Life is lonely for the leaders docked along the Potomac River. President Obama seems distracted, Speaker Boehner appears disturbed and Redskins quarterback Robert Griffin III looks disarmed. Times are so tough here, a case could be made that D.C. really stands for Dysfunction City.
Washingtonians are hardened when it comes to politics, but when their pro football team slumps – such as starting the 2013 NFL season with two confidence-shaking losses – patience is in short supply and fans get testy.
No one is giving up on Griffin, last year’s NFL Offensive Rookie of the Year. There are those who think, with good reason, that he hasn’t had enough time to recover from late-season injuries to his right knee, one that required ACL surgery in January.
It’s just that RG3 isn’t the player he was last year, when he directed the read-option attack that had him passing and running Washington into the playoffs. He even outplayed Andrew Luck, the league’s top draft pick who did wonders in Indianapolis.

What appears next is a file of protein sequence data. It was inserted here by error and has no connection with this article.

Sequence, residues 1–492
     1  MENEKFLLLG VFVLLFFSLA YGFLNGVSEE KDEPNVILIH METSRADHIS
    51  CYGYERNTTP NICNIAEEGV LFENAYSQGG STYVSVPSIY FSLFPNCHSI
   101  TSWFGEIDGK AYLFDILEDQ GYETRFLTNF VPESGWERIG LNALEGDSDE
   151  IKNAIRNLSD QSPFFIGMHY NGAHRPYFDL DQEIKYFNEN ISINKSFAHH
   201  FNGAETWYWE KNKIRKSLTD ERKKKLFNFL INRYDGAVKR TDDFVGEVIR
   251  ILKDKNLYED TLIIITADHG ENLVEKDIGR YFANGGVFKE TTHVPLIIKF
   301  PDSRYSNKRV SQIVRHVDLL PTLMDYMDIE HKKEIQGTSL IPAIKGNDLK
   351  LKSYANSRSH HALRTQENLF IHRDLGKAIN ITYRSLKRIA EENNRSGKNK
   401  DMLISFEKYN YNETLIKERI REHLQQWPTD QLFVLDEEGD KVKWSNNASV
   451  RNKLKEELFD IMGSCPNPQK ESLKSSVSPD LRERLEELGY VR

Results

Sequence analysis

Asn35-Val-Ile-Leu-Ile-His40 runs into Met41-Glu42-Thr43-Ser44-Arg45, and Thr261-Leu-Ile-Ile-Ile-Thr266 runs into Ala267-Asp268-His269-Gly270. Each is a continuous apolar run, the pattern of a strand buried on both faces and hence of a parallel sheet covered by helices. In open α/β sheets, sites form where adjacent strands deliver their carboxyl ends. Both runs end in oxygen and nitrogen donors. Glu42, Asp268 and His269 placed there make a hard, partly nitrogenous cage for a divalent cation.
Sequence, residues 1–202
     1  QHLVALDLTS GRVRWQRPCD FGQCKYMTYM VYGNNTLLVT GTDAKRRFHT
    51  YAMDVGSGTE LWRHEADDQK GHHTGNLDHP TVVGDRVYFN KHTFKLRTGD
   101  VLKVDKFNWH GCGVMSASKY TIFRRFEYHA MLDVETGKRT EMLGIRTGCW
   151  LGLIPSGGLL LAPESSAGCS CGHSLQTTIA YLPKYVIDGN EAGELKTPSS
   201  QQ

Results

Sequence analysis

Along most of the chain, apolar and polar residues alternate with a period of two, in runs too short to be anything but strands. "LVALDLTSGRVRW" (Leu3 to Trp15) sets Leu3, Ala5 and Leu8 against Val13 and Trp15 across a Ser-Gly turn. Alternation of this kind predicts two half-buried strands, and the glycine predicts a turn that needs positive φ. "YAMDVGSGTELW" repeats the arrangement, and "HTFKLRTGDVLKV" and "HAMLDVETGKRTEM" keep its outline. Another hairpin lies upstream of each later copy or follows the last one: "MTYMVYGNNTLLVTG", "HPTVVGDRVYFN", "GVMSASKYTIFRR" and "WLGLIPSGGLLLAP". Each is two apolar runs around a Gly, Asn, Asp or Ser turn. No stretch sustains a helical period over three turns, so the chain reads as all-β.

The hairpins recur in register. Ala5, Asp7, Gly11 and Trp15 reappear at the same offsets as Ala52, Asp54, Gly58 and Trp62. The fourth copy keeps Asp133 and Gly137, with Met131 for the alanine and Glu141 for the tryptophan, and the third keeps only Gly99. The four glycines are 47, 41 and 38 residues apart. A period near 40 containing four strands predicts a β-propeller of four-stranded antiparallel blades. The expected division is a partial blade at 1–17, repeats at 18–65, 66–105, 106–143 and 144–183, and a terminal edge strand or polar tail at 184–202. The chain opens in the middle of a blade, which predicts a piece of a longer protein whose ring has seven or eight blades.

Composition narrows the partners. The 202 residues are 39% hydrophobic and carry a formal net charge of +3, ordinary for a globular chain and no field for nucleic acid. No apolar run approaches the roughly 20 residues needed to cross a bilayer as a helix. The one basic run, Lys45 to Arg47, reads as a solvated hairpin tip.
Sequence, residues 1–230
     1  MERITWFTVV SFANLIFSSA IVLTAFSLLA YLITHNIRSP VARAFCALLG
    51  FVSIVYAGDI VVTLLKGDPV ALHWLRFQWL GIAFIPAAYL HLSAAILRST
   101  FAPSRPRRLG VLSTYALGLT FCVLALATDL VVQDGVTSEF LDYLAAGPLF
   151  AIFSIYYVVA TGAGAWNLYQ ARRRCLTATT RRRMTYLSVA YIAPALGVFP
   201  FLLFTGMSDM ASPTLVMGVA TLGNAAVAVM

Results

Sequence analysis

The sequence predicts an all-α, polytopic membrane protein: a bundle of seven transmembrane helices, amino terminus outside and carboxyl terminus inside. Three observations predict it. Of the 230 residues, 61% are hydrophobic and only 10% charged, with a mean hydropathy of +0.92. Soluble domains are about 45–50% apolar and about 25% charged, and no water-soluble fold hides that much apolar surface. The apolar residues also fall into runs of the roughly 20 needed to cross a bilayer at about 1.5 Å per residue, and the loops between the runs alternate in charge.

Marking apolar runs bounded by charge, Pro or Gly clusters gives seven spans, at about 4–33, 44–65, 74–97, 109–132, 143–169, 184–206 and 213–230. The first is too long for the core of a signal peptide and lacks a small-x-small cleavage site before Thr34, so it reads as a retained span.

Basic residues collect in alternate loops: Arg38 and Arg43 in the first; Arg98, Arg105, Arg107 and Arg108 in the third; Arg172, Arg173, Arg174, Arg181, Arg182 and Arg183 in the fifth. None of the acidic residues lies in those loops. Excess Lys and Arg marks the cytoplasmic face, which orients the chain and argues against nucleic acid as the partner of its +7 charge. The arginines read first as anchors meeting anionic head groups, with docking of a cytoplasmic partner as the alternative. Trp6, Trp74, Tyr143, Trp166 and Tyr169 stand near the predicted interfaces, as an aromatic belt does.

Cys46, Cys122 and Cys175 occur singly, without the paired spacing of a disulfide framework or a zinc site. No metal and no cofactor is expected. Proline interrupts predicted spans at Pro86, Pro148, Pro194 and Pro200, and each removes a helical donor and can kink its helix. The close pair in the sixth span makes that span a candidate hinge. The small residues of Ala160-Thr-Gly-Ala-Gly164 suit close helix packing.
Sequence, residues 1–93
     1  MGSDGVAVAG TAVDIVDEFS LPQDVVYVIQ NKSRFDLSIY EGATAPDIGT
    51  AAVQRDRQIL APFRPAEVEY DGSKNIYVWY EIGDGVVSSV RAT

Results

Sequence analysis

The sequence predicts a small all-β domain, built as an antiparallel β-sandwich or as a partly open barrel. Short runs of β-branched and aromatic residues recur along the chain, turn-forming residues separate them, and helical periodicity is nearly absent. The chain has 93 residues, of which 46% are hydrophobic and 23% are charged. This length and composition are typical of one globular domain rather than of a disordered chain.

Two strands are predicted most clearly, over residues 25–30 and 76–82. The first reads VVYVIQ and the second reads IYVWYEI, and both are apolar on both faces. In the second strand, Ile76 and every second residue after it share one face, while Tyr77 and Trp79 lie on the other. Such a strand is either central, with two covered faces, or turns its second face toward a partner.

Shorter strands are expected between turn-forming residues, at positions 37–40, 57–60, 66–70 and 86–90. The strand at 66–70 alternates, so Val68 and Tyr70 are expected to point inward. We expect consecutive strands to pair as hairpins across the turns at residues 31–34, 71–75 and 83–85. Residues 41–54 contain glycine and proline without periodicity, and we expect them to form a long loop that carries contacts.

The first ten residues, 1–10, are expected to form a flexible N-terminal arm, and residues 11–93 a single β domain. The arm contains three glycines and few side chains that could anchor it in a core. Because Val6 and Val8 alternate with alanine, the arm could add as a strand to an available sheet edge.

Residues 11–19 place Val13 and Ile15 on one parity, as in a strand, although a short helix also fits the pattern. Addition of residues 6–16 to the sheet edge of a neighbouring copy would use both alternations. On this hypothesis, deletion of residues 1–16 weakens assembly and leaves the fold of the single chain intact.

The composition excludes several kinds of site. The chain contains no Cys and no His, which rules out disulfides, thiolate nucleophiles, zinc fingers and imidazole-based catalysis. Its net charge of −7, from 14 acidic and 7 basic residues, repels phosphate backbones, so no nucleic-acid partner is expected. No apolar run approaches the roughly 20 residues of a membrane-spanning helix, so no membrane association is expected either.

That magic, however, has been missing this year. Last Sunday, Green Bay sprinted to a 31-0 lead midway through the third quarter against Washington and coasted home to a 38-20 win.
Griffin, who has said he would be prefer to become more of a classic drop-back passer, might have looked like the same guy in his No. 10 jersey, but he wasn’t sounding like the RG3 of old after the stinging defeat. "I'm not afraid to sit here and say, 'Put that on my shoulders,'" Griffin told The Washington Post. “I'll take that. We didn't start fast because of me."
That’s a telling statement, and also illuminating. It’s not time to panic, but it seems that Washington needs a plan – a different approach – that gives Griffin a chance to safely return to his old playing ways.